Water, water, everywhere and not a drop to drink. How is it possible that on a planet whose surface is 71% water, 663 million currently lack access to safe drinking water? For all of the progress that we of the first world have enjoyed, one in ten people do not have clean water available.
Imagine a world were nothing is sanitary, where your thirst could destroy your life. Imagine your child so desperate that they drink whatever is available, only to end up hospitalized? The situation is desperate, yet it need not be this way.
Director Crystal Moselle (r)
2015 Sundance Grand Jury Prize Winner, director Crystal Moselle returns with Our Dream of Water, a new documentary film making its world premier on National Geographic on March 22 at 6:00 pm EST/PST in celebration of World Water Day. The film, which shares stories of women in Peru, Kenya, and Haiti and their daily struggle to provide their families and communities with clean, safe water, was commissioned by Stella Artois in an ongoing partnership with Water.org to help provide clean water to people of the Third World.
Our Dream of Water opens in Yuncapara, a rural village in Peru, where the indigenous peoples have been living in a state of poverty that is profound. Their only water comes from the mountains, down the hills of mud, sliding into a reservoir that they clean monthly before sending still-dirty water to a village pump. Here, the women awake every day before dawn and line up with jugs and buckets to wait as the water slowly trickles from the faucet.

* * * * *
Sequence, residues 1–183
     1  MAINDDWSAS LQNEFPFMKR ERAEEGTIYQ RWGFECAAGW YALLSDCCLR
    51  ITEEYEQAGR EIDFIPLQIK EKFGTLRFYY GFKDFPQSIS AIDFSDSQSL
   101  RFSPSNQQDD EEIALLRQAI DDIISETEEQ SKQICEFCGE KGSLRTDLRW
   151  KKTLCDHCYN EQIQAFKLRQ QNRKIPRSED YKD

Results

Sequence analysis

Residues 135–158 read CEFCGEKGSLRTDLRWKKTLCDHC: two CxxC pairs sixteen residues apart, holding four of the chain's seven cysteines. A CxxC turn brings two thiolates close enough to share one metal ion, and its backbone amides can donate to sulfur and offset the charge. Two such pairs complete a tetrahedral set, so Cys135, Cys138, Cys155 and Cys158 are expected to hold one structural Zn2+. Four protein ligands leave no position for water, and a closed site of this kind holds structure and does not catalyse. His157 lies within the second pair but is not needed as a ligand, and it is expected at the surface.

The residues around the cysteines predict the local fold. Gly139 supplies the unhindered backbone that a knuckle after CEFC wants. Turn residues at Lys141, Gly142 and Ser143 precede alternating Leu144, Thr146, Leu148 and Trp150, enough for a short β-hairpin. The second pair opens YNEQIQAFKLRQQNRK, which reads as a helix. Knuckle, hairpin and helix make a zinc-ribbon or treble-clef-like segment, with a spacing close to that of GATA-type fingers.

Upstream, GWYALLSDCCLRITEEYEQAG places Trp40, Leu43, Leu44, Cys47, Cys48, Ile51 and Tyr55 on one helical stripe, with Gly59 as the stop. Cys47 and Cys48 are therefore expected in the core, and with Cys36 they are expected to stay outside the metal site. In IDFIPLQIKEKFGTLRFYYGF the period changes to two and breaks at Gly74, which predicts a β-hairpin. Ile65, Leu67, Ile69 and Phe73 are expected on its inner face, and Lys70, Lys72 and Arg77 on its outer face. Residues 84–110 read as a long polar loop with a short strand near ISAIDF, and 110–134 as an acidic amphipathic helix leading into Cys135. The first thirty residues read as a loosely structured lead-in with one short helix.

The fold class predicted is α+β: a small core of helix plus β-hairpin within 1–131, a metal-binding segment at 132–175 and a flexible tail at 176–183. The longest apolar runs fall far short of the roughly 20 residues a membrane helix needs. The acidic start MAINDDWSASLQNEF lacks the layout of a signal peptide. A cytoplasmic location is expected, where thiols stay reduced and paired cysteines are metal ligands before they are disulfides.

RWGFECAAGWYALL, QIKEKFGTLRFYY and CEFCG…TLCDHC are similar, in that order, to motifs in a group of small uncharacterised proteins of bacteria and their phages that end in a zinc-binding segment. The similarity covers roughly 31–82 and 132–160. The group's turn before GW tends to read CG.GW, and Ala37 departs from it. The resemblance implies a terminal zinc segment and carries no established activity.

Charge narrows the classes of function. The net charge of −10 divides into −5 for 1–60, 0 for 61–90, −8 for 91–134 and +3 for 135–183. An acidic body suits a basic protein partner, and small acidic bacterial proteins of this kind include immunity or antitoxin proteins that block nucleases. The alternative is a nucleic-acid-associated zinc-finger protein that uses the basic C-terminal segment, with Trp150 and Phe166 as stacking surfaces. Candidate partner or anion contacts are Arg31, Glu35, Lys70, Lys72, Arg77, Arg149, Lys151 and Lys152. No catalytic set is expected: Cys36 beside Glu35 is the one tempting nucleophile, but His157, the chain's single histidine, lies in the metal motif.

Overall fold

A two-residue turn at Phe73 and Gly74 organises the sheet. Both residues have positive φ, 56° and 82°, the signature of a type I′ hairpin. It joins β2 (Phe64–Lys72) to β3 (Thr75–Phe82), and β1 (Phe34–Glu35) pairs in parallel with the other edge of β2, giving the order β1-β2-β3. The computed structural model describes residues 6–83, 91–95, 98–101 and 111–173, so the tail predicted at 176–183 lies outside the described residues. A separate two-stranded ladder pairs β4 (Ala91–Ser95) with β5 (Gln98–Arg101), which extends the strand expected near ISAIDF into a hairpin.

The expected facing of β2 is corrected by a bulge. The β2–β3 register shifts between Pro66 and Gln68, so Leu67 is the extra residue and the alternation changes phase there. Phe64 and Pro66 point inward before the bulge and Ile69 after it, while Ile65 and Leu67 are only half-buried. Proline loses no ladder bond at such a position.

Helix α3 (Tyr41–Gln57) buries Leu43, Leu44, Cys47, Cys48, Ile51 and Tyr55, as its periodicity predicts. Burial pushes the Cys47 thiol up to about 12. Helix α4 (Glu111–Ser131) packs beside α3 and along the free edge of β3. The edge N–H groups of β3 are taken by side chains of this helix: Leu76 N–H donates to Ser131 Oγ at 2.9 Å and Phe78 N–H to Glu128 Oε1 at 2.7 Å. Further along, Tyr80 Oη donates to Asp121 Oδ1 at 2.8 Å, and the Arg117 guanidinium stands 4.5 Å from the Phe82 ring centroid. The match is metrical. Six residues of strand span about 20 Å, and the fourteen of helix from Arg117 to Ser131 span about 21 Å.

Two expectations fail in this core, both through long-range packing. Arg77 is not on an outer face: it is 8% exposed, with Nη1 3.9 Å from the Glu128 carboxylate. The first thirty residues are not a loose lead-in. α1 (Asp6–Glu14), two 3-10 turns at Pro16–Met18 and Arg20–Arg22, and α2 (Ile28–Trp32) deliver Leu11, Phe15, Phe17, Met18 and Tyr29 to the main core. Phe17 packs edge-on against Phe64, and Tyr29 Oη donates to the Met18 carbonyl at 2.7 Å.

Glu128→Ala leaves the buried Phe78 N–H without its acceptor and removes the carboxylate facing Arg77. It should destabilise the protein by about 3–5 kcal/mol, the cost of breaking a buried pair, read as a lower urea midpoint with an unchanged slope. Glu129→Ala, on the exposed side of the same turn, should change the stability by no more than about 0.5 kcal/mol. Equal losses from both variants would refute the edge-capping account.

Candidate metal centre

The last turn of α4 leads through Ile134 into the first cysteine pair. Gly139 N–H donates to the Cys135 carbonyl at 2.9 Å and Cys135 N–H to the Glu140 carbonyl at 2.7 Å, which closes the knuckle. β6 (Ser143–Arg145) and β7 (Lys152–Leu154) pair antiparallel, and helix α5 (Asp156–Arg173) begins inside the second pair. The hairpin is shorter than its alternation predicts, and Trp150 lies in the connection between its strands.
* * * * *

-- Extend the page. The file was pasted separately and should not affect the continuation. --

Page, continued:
For the past five years, the government has promised to help but nothing has been done. We watch as a local woman travels to the city of Cusco to present the problem to a local official who adopts a bureaucratic approach, telling her that it’s not about “favors,” which is a curious choice of words. No, he clarifies, that access to clean water is “about doing the paperwork.”
It’s clear that the government does not care about the state the First Peoples of Peru live in; they feel no concern or shame for their lack of basic services. Such a theme continues as we head over to Kamwinzi Village in Kenya, where a group of women have organized themselves to dig water out of the dried up riverbed. Every morning they go, and they dig, exposing themselves and their children to bilharzias, a disease caused by parasites living in water. Some 300 million people suffer from this disease; 90 percent live in Africa.
Kamwinzi Village, Kenya
The women of Kamwinzi make for a striking contrast to those of Yuncapara. Moselle shows us a community that has banded together, through love of dance, music, food, and education. Their situation is bleak but they continue to find hope, joy, and love, showing us that the human spirit can triumph against the odds.
Our last stop is Haiti, where we meet Marie Maille Alexis, a local midwife who has been helping pregnant women since 1971. We are taken inside her world, where she shares the horrors of living without access to clean water and the effects it has had, including her own son who had to be hospitalized. “God is holding our lives. If it wasn’t for Him, the water would have destroyed us,” she reveals. It is a chilling epitaph to a terrible story that doesn’t have to occur.
Marie Maille Alexis, Haiti
Our Dream of Water is part of the “Buy A Lady a Drink” partnership launched by Stella Artois and Water.org in 2015, with a goal of helping to provide 3.5 million people with long-term sustainable access to clean water by 2020.
All photos: Courtesy of “Our Dream of Water.”
Miss Rosen is a journalist covering art, photography, culture, and books. Her byline has appeared in L’Uomo Vogue, Whitewall, The Undefeated, Dazed Digital, Jocks and Nerds, and L’Oeil de la Photographie. Follow her on Twitter @Miss_Rosen.